British actor Dominic West, best known for his turn as Baltimore po-leese Jimmy McNulty on The Wire, returns to the small screen this week in The Hour, a mini-series that chronicles the BBC’s first foray into hard-hitting long-form television news (with a side of spy caper). West plays Hector, a handsome fifties anchor who is involved in a love triangle with an on-the-rise producer (Romola Garai) and the network’s ambitious upstart (Ben Whishaw). We spoke with West about life after The Wire, his unlikely collaboration with Eminem, and what he really thinks of Rupert Murdoch.
It’s pretty good timing for a TV show about the intersection of British news media, politics, and crime. What’s your take on the Murdoch hacking scandal?
It’s a scandal that seems to be bringing down all the most awful people. I couldn’t be happier. I’ve always loathed Murdoch and all his influence. I think he’s a brilliant man and he’s possibly being unfairly treated — I don’t think newspapers are alone in this phone hacking — but people, especially the politicians, are delighted to be bringing him down, and I have to say I don’t feel much sympathy for him. If Piers Morgan goes down as well, then my day would be complete.
What’s your beef with him?
Well, he was the editor of the Daily Mirror, which is a non-Murdoch tabloid, around the same time, and there’s no question that they were all at it. And one assumes he would have known about it. But he’s denied it, so you never know.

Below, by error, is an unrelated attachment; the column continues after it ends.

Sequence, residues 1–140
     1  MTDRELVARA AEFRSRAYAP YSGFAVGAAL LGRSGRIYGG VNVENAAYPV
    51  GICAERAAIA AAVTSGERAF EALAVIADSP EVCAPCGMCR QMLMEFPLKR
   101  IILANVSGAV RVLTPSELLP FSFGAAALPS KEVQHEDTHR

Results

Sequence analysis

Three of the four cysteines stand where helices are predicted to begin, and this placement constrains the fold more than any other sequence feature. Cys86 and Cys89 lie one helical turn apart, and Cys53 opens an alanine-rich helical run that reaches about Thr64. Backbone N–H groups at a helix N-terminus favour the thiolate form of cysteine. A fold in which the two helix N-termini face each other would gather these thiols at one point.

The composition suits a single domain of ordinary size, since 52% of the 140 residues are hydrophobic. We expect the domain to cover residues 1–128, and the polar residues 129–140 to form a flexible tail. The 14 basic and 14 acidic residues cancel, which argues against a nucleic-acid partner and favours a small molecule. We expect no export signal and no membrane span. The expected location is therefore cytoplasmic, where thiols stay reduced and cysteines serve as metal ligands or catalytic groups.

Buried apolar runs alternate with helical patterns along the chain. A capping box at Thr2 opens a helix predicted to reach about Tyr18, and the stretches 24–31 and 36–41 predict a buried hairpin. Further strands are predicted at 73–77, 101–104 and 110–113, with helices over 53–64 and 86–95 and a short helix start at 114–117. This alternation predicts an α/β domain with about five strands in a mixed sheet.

And what do you think of your prime minister, David Cameron?
He really is no different from any other politician, in that it was really shaming to see our politicians kowtowing to a media mogul. I think the politicians are rather delighted to throw off the yoke of having to be Murdoch’s bitch.
You and Cameron both went to Eton College. Did you know him?
No, he’s far older than me. I was friends with his wife, so I know her a little bit. I’ve met him a few times, and he was very impressive, actually, because we’d always tease him about being conservative and he was always very tolerant and thoughtfully argued with us, so I liked him quite a lot.
Okay, back to your work: This fall, you’ve got Appropriate Adults premiering on ITV, then Johnny English Reborn, The Awakening, and John Carter in theaters. How much of your current success do you attribute to The Wire?
All of it! It’s entirely responsible for me having a profile or a following of any sort. Initially, very few people had watched it, and I think HBO was trying to cancel it after every season and David Simon had to fight really hard to get it renewed. [Now] thank God for DVD box sets. It’s ten years old and still hasn’t lost its appeal.
Exactly. So you must have had tons of offers for American films and television projects. Did you make a conscious decision to pass on huge American stardom in order to stay in Britain and be with your family?
It was slightly the case. I had very young babies, and also my [older] daughter who’s in London, so I ruled myself out of episodic television, because you have to sign for six years, and I wasn’t ready to do that again. Hopefully I can get back to it.
Last year you made an appearance on “Dr. West,” the opening track of Eminem’s album Rehab. How did that come about?
I adore him; I think he’s brilliant. He’s watched The Wire four times through and I said to him, “You know, you should get out more.” But, amazingly, he just rang me up one day and asked. He said he was in rehab and he had an English doctor who was helping him, and that he’d heard I was English and thought I’d be a perfect type of a guy to play his doctor on the album.
And now you have hip-hop cred. I just hope they don’t find out you’re an Eton boy.
[Laughs.] Yeah, so do I. They always do, though.